The upper floors are accessed via the so-called inclinators. A conventional vertical elevator would provide a short ride unless it was located in the center of the atrium, so at each of the four corners of the Luxor there is a slanted shaft which carries the elevator car up and down at a 39° angle. Riding them is a bit unusual as the motion is sideways rather than straight up. For an easy ride, lean against either the right or left wall of the inclinator. Each corner inclinator stops at a certain set of floors; you must know which one to use to access a given floor. If it sounds confusing, it is. The handicapped should be warned that it will by very difficult to get around in this hotel. Reaching the attraction level without using stairs or escalators is very nearly impossible.
The casino itself doesn't seem especially large, but this may be due to the circular layout around the central obelisk. Thematic slots such as the "Pharaoh's Treasure," "Golden Cobra," and "Valley of the Kings" are supplemented with "Fourth of July," "Fabulous 50's," and "California Dreamin'." As will be seen, the designers of the Luxor apparently felt they could take the Egyptian theme only so far. The casino is quiet compared to most, the ringing bells of paying slots are oddly subdued, perhaps to render the pyramid more authentically tomb-like.
The shops are appropriately "Egyptian:" Sobek's Sundries ("for all your Nile needs" including, for the sweet tooth, Gummy Mummies), the Scarab Shop, the Source Museum Shop (featuring authentic artifacts), and the Park Avenue Shop all sell everything from tacky pyramid-topped sport bottles ($10) to an equally tacky (though on a grander scale) polyester and fiberglass "sculpture of King Tutankhamun" ($65,000).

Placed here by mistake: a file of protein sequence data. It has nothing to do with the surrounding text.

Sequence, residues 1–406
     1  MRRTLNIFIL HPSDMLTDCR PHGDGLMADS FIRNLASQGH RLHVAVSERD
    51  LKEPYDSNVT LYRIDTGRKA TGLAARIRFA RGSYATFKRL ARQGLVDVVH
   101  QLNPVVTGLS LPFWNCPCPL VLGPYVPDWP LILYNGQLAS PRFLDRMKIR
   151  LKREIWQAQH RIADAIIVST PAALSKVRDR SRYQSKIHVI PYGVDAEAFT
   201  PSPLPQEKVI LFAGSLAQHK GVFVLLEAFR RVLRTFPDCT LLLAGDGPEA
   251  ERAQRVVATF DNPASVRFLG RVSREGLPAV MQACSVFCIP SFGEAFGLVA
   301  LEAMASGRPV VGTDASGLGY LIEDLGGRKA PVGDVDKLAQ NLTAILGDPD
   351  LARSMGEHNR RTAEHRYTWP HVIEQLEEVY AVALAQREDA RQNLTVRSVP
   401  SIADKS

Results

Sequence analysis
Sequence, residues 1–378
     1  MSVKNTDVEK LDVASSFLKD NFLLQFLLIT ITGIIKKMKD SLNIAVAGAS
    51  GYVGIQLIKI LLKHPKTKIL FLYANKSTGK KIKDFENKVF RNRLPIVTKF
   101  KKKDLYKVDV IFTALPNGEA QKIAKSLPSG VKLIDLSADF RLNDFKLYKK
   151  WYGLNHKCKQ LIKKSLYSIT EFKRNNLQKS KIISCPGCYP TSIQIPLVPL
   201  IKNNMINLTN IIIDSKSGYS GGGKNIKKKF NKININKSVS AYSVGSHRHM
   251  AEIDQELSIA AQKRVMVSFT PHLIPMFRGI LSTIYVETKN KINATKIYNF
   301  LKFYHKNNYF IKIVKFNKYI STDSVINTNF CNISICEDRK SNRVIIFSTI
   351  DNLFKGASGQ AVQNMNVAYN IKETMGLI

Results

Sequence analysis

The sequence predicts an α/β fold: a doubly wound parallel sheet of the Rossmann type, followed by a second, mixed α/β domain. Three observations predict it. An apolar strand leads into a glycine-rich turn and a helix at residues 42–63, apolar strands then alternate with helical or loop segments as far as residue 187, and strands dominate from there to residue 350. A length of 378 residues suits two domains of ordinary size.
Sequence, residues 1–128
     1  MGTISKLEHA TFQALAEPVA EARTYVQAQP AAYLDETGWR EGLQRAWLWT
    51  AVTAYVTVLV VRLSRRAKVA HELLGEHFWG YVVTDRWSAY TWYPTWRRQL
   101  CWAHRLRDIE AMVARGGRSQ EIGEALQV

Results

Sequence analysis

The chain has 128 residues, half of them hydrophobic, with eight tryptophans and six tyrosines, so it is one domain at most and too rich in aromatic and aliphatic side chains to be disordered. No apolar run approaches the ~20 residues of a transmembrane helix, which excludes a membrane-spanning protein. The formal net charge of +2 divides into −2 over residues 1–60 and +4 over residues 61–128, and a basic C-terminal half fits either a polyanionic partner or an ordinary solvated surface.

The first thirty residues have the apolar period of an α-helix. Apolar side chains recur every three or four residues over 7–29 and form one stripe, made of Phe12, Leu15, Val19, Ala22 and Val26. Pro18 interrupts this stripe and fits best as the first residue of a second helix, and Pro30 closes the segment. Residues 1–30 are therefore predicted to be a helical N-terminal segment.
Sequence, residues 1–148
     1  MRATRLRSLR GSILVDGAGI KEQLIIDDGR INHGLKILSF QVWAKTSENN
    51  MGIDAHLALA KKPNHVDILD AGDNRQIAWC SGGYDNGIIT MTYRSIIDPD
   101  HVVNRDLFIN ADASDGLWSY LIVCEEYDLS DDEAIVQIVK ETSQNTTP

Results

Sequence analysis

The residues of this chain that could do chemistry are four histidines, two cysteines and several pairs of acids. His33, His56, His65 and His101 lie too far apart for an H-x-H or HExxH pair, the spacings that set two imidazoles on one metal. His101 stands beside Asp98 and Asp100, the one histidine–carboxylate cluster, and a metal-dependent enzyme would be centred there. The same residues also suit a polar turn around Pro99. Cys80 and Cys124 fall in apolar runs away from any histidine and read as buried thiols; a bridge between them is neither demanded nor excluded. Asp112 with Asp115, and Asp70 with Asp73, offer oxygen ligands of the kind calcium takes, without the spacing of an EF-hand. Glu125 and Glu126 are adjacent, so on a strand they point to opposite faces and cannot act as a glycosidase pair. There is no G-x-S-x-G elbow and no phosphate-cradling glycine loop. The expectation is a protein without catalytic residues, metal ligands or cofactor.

Restaurants include the Isis ("fine dining" -- jacket required), the Sacred Sea Room (sporting murals and tomb relief reproductions of Egyptians fishing), and the Pyramid Cafe. More incongruously, there is the Nile Deli with "kosher-style deli food found on the banks of the Nile" where the "mosaic ceramic tile floor and leaded glass 'skylight' add to the downtown theme." There is also the Manhattan Buffet with its "metropolitan" theme. The Millennium cafe (under that geodesic dome) offers "cosmic quesadillas" and "psychedelic burgers." Then there is the Papyrus restaurant. "Primitive huts, lush palms, and tropical artifacts make this a virtual paradise," complete with bamboo, tiki figures, and Polynesian food. The attached Tut's Hut is a "full service-bar in a Polynesian setting, serving exotic island libations." If this seems a senseless motif in the midst of the land of the pharaohs, one might escape by taking a short walk next door to the middle-age themed Excalibur where you will find knights, damsels, and Wild Bill's Saloon and Steakhouse.
The room service menu features such items as "Slow Roasted Prime Rib of Beef Tutankhamun," "Eggs Benedict à la Cheops," "Eternal Life Corned Beef Hash," and everyone's favorite, "The Ramses II Special Huevos Rancheros:" two eggs, basted, on tortilla with chorizo, refried beans, avocado, and salsa. Just like old Pharaoh used to eat back in the 19th Dynasty.
The hotel offers a number of "attractions." The "Nile River Tour" is somewhat appropriate (except possibly for the black-lit hieroglyphics) but overpriced at $3.00. Barges accompanied by "knowledgeable archaeologists," hotel employees attempting to be witty in the manner of Disneyland's jungle boat captains, escort guests on a tour of the "river" which flows past a reproduction of the temple of Ramesses II, frescoes depicting Seth, the Temple of Amun, and other sights of ancient Egypt. The excitement culminates as the barge approaches a waterfall that threatens to soak the passengers, an event which is prevented when the "archaeologist" pretends to press a fresco of a scarab, stemming the flow of the cataract. Send the kids on this one if you must, otherwise the three bucks might be better invested by inserting them into any slot machine.